jeffpeng

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  1. jeffpeng

    Compass

    Another good example of this is actually how I conquered Timberwolf Mountain. When I got there I had no idea where to go, where to explore and what to achieve. I just read there was a plane crashed on the summit. So I said to myself "up I go" and held left after entering the region. I soon found the rope that lead up to the plateau with the first engine, found the cave, stumbled my way through it, found the other engine, of course had no hacksaw to open the containers, found another rope, climbed that one, found the "Three Way Cave", realized then I had gone in a circle ending up back at the engine, retracking to the cave, taking the other way, and somehow finding the rope to deer clearing. I made my way all the way to Eric's Falls and back before I started to figure out how to approach the summit. By the time I finally got there I had been living off the land for three ingame weeks, killing a bear, several deer and a metric ton of wolves. Recovering all the supplies from the Summit to the Deer Clearing Cave (which had become my home by that time) took me another week. From there I started exploring routes I had not until then, and maybe 5 weeks after first setting foot onto Timberwolve Mountain I discovered the Lake.... and the hut. In my head the hut was infinitely far away from the entrace to the region. I don't know how long it took me to realize the true layout of the map. Yes, I enjoyed that very much
  2. jeffpeng

    Compass

    I really think most people, especially those new to the game, do not realize that part of the "fun" of this game is getting lost. One of my earliest adventures in TLD took place in Mystery Lake. I still was scared shootless of wolves, but took on a voyage to explore the river coming from the lake. I simply underestimated how long that route would take me, so I got suprised by night falling. By the time I reached what I today know is train unloading it was pitch black and windy, wolves howling eerily close to me, and I was stumbling through the night until I was lucky enough to find a spot at which I could sustain a fire, but I had no clue where I was at that point. I was utterly and completely lost. I stayed up all night, afraid to go to sleep and have the fire die on me, subsequently ending up as wolf food. At around 4 or 5 in the morning, starving and sleep deprived, my last book went into the fire. I held onto the embers as long as I could, and even stayed about half an hour in the freezing cold holding on to my last flare, ready to light it when I would hear this growling I had come to fear. The growling never came, but dawn came to rescue me. I found myself not far from the derailment. With the train tracks and the crashed train carts I had a good sense of where I was and got home safe and sound. From today's perspective, knowing Mystery Lake as well as only years of roaming the frozen wastes can teach you, this story sounds almost hilarious to me. I achieved exactly nothing that day / night. But I had one of my best The Long Dark experiences ever, and I vividly remember it almost 4 years later. I don't have to point out how that kind of story would have been utterly impossible with a compas.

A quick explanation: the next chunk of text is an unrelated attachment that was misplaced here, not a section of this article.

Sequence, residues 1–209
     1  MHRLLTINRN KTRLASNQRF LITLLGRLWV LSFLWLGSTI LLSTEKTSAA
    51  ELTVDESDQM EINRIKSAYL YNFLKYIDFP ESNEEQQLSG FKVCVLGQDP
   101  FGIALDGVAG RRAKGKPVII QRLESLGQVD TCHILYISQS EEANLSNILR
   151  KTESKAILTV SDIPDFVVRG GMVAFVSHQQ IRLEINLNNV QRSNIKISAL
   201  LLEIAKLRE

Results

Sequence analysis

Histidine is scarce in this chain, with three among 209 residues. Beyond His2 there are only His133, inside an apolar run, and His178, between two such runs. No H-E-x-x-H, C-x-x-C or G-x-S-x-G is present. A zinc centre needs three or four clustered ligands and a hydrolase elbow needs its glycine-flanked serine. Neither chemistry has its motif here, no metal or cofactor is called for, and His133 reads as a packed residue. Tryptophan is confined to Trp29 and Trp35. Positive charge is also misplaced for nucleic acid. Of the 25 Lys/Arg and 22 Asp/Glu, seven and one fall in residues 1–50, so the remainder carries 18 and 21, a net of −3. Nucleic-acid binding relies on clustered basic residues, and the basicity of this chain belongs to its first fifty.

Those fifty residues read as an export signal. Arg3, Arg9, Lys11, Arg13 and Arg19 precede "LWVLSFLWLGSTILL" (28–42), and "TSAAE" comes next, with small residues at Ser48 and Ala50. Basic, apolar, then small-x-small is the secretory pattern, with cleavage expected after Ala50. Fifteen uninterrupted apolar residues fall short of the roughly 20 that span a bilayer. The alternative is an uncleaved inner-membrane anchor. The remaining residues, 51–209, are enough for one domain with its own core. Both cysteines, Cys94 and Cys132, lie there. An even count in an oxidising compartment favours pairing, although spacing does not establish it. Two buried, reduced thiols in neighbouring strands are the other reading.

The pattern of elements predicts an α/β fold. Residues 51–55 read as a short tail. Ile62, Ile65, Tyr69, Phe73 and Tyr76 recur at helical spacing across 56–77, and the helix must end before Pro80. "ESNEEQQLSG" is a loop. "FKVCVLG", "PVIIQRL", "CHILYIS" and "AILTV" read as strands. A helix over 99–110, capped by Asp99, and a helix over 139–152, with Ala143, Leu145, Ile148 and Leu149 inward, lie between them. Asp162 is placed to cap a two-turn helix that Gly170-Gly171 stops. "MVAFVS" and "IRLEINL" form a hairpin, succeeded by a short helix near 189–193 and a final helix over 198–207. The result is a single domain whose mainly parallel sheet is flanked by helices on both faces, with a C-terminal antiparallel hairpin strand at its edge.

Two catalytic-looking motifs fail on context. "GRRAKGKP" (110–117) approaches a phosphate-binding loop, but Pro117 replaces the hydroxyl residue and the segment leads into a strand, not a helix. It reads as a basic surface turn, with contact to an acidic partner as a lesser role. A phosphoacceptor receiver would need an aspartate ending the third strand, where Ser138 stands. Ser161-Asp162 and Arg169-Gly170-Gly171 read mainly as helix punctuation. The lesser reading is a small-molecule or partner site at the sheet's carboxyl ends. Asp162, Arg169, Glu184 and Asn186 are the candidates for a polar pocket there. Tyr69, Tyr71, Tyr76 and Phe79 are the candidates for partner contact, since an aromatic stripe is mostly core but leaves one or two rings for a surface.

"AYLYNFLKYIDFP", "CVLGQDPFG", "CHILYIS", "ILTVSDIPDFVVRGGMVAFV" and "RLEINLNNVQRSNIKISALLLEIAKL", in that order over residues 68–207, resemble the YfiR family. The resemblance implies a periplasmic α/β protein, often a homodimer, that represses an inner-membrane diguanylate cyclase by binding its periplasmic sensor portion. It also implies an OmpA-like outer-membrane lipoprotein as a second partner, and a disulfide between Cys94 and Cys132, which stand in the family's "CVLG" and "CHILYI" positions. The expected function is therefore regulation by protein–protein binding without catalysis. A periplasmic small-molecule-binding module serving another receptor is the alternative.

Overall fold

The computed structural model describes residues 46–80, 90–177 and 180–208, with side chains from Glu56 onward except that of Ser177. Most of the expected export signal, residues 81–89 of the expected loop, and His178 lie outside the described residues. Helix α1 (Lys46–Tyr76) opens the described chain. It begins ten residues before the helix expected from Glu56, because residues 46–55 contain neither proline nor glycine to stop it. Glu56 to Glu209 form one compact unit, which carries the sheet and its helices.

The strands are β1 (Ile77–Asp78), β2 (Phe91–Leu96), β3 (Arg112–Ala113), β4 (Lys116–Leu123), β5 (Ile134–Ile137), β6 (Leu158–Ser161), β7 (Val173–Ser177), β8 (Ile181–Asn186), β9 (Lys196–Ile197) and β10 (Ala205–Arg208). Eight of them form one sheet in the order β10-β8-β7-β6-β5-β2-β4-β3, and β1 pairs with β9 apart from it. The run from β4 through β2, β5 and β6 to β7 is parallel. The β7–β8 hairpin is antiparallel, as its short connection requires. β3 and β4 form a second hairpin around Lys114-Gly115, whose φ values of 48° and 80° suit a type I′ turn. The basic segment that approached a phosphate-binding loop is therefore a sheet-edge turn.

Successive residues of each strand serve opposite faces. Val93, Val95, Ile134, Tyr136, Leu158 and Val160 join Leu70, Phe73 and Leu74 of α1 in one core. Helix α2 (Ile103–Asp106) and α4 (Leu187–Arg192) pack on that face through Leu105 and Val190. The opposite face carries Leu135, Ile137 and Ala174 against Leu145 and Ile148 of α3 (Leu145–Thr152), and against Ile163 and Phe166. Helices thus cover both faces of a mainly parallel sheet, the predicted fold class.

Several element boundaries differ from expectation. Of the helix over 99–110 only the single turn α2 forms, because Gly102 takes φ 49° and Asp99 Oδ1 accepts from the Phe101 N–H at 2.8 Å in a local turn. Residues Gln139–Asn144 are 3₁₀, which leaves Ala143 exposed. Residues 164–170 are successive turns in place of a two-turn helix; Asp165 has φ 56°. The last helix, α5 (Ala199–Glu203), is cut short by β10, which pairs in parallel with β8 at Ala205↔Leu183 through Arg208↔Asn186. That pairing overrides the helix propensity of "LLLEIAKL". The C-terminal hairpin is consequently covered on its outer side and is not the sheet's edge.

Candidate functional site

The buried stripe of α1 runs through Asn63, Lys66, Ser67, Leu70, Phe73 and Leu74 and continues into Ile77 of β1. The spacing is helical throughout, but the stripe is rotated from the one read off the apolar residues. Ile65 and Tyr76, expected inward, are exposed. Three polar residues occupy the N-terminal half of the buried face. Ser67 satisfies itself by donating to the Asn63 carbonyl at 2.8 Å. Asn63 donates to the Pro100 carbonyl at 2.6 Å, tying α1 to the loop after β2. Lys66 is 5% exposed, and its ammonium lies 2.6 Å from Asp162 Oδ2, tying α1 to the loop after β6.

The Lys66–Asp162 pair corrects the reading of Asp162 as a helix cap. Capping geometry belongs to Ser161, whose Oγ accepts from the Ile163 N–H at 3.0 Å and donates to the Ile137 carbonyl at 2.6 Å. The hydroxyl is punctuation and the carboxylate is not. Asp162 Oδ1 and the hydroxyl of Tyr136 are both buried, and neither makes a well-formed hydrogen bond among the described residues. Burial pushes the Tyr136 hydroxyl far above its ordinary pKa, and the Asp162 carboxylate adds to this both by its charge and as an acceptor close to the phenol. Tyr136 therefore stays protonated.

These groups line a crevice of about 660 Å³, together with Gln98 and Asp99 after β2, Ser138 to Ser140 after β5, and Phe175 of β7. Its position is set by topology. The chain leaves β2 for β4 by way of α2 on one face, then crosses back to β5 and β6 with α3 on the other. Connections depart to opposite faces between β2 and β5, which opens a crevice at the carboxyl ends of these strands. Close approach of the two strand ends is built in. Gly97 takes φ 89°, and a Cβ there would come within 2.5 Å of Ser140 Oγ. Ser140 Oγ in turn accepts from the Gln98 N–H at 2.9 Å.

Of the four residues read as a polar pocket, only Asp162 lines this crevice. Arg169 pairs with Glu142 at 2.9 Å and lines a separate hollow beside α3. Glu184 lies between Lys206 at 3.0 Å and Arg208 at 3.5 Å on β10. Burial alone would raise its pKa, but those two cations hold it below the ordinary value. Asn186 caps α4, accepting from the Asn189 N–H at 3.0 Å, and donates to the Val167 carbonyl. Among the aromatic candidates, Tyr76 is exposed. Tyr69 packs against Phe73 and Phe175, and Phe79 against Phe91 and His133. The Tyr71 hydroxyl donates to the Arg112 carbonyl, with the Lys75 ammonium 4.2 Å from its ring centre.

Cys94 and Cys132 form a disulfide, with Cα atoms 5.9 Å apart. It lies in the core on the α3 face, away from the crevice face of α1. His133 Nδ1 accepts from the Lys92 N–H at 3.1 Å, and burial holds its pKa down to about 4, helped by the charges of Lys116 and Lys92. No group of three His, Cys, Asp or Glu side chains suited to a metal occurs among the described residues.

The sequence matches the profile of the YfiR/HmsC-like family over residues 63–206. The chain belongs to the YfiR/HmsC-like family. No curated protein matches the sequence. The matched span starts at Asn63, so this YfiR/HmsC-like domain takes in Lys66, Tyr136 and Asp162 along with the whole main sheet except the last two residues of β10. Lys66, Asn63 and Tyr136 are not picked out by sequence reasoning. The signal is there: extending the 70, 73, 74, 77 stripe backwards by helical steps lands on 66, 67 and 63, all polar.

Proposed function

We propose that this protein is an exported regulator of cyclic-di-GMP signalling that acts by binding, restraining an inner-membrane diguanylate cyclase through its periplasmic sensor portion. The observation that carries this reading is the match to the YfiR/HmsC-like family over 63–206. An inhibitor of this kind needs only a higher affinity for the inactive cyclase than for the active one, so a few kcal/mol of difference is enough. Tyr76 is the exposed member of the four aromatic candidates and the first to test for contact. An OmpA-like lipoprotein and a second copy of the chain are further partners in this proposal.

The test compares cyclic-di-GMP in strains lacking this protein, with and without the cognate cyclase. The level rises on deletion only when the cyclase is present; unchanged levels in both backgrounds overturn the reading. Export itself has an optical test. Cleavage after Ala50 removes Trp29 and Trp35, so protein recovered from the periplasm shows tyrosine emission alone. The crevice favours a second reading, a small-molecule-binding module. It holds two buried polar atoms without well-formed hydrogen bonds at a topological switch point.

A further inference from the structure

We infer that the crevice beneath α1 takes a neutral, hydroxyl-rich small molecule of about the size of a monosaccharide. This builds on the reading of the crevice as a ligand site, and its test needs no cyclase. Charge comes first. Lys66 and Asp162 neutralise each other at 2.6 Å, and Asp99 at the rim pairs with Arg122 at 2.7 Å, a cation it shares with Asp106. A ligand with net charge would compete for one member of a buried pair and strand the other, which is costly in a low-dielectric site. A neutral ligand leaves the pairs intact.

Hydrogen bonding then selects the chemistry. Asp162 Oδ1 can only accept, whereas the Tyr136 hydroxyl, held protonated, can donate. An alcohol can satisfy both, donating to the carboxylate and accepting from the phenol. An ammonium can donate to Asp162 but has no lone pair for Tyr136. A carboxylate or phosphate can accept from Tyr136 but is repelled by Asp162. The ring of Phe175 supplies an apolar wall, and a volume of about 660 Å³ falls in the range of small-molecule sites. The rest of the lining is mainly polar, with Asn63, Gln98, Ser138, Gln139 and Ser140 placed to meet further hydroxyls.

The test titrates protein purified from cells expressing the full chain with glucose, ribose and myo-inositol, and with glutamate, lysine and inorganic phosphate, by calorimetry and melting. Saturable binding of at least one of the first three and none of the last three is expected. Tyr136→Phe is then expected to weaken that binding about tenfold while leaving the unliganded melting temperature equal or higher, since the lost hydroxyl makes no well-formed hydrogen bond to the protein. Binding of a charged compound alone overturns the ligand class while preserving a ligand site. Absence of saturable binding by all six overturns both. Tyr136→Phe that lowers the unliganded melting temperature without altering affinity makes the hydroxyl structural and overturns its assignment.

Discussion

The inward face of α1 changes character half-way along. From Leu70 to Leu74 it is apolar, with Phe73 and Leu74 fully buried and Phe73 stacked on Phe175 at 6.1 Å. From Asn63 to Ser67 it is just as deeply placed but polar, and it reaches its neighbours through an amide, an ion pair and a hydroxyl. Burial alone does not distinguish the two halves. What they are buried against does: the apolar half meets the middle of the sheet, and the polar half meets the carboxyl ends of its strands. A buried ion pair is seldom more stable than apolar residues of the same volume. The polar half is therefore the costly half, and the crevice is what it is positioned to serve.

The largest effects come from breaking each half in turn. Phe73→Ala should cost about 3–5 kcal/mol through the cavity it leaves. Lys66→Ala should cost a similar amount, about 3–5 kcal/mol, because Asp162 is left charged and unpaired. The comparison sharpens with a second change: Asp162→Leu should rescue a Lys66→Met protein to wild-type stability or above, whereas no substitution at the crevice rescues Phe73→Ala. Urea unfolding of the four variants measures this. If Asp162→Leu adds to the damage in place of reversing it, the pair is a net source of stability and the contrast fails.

3. It takes the same amount of condition to open containers on TWM, which is something you do in mere seconds. Afaik hatchets and hammers also take always the same amount of condition breaking down furniture, no matter how long that actually takes. It simply isn't a very well written part of the game. I guess we should be grateful using the hacksaw to cut little bunnies into pieces doesn't take 5% per 500 grams.
  4. I don't think it's fixed loot. But I pulled one out of a briefcase, yes.
  5. feetless, aimless, hopeless, purposeless and looking at the way our attire develops eventually: tasteless. *sigh*
  6. I always had this feeling creeping up my spine that survival mode really is just the game without a narrative and we kinda run around for no reason whatsoever. Almost as if there was no higher purpose to it. Crazy, I know.
  7. Even on a new game Thompson's Crossing is a waypoint everyone should check. I got three packs of matches on a new game plus some good amount of "Canned Heat" and a Thin Wool Sweater. Also check the Crash Site, where I got some fairly ruined but still recoverable Thermal Underwear and a Mackinaw. That's some premium stuff. I actually find this very much okay. PV is a huge bass region, easily twice the size (in m²) than any other region, so why shouldn't it (finally) have some decent amount of loot to justify taking up so much space and us putting up with the amazing weather.